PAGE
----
The Occupational Health and Safety of Sign Language Interpreters Working Remotely During the COVID-19 Pandemic
Advanced Search
Select up to three search categories and corresponding keywords using the fields to the right. Refer to the Help section for more detailed instructions.

Search our Collections & Repository

All these words:

For very narrow results

This exact word or phrase:

When looking for a specific result

Any of these words:

Best used for discovery & interchangable words

None of these words:

Recommended to be used in conjunction with other fields



Publication Date Range:


Document Data


Document Type:






Clear All

Query Builder

Query box

Clear All

For additional assistance using the Custom Query please check out our Help Page


The Occupational Health and Safety of Sign Language Interpreters Working Remotely During the COVID-19 Pandemic

Filetype[PDF-467.85 KB]

  • English

  • Details:

    • Alternative Title:
      Prev Chronic Dis
    • Description:

      The COVID-19 pandemic has caused a dramatic shift in work conditions, bringing increased attention to the occupational health of remote workers. We aimed to investigate the physical and mental health of sign language interpreters working remotely from home because of the pandemic.


      We measured the physical and mental health of certified interpreters who worked remotely 10 or more hours per week. We evaluated associations within the overall sample and compared separate generalized linear models across primary interpreting settings and platforms. We hypothesized that physical health would be correlated with mental health and that differences across settings would exist.


      We recruited 120 interpreters to participate. We calculated scores for disability (mean score, 13.93 [standard error of the mean (SEM), 1.43] of 100), work disability (mean score, 10.86 [SEM, 1.59] of 100), and pain (mean score, 3.53 [SEM, 0.29] of 10). Shoulder pain was most prevalent (27.5%). Respondents had scores that were not within normal limits for depression (22.5%), anxiety (16.7%), and stress (24.2%). Although disability was not associated with depression, all other outcomes for physical health were correlated with mental health (r ≥ 0.223, P ≤ .02). Educational and community/freelance interpreters trended toward greater adverse physical health, whereas educational and video remote interpreters trended toward more mental health concerns.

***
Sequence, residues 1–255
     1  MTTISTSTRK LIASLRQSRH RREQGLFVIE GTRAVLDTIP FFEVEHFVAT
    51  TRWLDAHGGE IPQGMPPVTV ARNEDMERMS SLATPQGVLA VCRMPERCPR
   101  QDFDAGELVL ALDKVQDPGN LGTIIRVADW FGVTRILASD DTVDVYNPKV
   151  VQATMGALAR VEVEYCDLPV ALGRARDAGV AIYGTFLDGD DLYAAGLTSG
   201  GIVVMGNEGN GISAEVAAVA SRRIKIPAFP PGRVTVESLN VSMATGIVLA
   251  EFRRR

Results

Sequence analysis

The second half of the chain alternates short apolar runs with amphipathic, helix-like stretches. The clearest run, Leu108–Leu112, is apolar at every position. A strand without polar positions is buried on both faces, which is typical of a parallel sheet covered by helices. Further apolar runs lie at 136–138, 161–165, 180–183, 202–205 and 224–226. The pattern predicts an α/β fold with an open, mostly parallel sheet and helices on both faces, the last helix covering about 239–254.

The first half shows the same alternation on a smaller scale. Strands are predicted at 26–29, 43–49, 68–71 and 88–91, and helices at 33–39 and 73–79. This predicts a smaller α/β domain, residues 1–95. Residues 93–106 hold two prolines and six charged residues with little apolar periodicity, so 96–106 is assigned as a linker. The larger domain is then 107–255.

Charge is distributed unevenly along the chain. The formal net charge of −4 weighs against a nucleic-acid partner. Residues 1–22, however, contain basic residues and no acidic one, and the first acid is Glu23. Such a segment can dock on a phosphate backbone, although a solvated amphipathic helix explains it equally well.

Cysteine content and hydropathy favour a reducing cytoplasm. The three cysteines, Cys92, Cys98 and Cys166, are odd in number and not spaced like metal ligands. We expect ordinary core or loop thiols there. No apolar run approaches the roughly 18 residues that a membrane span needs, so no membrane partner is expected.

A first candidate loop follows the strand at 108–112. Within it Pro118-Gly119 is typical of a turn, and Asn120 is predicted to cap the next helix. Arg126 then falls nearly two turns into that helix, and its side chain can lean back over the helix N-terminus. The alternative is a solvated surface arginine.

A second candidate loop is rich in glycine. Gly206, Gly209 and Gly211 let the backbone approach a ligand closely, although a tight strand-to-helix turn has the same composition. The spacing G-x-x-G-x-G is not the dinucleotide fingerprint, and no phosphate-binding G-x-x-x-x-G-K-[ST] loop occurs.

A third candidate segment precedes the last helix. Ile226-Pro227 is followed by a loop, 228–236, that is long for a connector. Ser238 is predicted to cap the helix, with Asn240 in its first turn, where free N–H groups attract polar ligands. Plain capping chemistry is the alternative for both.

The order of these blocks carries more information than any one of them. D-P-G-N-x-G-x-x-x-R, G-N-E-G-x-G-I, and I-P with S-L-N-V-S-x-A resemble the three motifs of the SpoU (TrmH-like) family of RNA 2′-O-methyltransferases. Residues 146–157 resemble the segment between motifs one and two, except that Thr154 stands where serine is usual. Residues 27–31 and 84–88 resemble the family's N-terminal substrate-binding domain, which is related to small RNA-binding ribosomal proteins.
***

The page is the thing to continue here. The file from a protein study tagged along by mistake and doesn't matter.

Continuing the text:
Maintaining the occupational health of sign language interpreters is critical for addressing the language barriers that have resulted in health inequities for deaf communities. Associations of disability, work disability, and pain with mental health warrant a holistic approach in the clinical treatment and research of these essential workers.

    • Pubmed ID:
    • Pubmed Central ID:
    • Document Type:
    • Main Document Checksum:
    • File Type:

    You May Also Like

    Checkout today's featured content at